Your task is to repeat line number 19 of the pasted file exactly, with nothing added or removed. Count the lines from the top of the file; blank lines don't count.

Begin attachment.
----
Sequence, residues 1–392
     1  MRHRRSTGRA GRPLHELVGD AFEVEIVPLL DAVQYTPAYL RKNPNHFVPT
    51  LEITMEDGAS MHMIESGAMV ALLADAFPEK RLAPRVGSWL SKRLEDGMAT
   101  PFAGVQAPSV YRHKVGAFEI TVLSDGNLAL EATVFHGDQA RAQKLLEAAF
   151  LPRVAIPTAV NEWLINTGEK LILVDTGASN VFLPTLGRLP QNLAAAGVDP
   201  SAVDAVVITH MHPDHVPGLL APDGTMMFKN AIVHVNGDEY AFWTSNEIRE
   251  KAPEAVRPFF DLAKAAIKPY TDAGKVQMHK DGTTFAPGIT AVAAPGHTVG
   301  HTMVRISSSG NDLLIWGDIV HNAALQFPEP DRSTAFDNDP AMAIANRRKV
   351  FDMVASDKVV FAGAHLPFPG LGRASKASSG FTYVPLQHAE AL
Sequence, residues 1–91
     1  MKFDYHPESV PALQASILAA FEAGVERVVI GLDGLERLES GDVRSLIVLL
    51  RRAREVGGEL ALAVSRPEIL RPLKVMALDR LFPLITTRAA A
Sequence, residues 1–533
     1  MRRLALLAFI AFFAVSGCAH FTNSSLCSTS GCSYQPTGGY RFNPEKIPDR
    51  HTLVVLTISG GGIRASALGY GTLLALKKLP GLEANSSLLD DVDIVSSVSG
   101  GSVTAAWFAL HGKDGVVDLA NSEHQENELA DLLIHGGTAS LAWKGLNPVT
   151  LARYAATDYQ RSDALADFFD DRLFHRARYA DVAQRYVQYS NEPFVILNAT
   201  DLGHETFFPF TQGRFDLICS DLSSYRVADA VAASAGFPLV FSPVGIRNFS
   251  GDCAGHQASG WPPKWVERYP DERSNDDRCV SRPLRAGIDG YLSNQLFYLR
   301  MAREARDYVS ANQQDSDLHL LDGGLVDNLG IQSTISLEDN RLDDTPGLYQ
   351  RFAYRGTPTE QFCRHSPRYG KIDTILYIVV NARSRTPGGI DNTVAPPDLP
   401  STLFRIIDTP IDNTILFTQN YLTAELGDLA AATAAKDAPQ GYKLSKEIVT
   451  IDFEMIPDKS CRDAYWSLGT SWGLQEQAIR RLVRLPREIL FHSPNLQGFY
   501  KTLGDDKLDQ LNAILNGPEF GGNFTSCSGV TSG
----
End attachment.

   251  GDCAGHQASG WPPKWVERYP DERSNDDRCV SRPLRAGIDG YLSNQLFYLR